He was a Greek theologian, university professor and member of the Academy of Athens. He studied at Rizarios School (1900-1903) and the Theological School of Athens (1904-1908). Between 1911 and 1914 he studied Hermeneutics, Theology, Philosophy and Pedagogy at the University of Leipzig.
Louvaris was influenced by the phenomenology of Husserl, was opposed to historical materialism and remained faithful to his professors' positivism, Wilhelm Dilthey and Sprangke, and thus to Immanuel Kant.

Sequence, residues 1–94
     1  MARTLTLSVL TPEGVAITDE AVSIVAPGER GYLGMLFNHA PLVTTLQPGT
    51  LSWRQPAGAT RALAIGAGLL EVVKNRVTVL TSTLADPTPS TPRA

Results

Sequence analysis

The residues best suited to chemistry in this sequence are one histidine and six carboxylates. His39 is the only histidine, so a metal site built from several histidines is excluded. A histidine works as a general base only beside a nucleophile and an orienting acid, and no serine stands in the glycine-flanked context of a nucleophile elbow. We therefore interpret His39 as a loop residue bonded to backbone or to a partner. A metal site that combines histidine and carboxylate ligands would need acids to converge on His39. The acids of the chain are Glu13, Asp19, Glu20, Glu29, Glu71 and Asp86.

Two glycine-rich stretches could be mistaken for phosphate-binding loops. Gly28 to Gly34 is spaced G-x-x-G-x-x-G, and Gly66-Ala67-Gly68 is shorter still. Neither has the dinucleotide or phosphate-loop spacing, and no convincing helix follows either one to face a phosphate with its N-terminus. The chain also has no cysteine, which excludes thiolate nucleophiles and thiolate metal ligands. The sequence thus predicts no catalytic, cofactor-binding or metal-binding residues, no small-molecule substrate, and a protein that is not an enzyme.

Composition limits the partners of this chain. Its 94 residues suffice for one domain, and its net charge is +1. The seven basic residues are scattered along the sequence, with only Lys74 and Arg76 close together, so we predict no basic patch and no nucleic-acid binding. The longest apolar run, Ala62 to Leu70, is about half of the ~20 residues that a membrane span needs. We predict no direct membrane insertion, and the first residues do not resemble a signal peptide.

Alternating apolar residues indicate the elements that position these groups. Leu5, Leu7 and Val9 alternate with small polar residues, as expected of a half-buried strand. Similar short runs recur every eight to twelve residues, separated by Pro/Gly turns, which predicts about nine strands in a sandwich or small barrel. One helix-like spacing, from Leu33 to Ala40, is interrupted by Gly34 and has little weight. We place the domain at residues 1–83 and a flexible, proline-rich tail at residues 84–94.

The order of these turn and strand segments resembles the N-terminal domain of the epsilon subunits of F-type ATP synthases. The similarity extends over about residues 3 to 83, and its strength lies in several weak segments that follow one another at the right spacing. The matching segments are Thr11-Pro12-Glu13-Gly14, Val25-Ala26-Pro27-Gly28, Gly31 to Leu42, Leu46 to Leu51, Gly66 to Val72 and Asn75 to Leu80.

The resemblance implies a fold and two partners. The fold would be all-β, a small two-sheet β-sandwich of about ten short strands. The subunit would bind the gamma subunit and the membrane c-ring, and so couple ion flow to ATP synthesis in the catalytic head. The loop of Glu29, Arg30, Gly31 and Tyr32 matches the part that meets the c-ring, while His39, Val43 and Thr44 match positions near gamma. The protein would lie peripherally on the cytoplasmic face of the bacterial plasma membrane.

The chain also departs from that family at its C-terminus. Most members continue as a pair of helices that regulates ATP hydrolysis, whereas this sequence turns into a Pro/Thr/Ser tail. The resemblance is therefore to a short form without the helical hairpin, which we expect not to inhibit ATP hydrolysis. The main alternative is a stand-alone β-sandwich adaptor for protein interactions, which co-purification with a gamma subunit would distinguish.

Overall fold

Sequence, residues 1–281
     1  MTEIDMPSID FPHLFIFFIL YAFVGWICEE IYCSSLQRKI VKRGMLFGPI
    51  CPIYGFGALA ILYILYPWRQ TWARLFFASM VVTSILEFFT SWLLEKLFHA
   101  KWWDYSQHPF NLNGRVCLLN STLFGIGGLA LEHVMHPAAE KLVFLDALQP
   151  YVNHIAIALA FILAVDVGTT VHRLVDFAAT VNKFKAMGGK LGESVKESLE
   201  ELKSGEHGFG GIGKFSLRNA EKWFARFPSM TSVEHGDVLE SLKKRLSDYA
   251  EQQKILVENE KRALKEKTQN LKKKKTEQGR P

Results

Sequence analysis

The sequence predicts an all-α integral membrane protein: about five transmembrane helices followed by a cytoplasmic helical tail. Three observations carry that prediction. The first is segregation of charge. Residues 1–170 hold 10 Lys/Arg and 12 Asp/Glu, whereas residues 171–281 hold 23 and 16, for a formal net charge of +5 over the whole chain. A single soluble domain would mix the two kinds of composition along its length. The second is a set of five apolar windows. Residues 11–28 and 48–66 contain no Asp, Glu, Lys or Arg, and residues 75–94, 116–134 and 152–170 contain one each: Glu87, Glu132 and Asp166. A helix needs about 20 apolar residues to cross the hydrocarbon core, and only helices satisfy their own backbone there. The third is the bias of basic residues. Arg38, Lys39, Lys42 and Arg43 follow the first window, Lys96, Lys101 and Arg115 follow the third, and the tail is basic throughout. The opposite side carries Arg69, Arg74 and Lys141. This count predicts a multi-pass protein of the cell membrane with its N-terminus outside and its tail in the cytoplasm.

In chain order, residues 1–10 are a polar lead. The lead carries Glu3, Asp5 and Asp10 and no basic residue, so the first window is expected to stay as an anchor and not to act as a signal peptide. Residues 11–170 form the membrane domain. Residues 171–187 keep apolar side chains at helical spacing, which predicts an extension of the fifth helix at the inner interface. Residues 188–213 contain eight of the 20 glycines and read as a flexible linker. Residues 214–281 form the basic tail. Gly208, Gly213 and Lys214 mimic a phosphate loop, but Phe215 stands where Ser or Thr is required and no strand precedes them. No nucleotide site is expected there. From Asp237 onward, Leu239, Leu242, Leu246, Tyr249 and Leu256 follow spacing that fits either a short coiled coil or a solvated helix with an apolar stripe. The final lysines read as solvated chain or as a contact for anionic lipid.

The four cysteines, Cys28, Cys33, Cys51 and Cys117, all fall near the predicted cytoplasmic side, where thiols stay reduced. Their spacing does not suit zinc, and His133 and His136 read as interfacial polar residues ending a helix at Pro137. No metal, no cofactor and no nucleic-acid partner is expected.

Back to Greece, he had a particular impact to the the so-called Circle of Heidelberg (Ioannis Theodorakopoulos, Konstantinos Tsatsos, Panagiotis Kanellopoulos), while his students were called "louvaristas". He was the pioneer of theologico-psychology studies and the one introduced the term "psychology of religion" or "theologico-psychology".
He served as Minister of Education during the third occupation government of I.Rallis (04.07.1943 to 12.10.1944), after the intense pressure of Archbishop Damaskinos.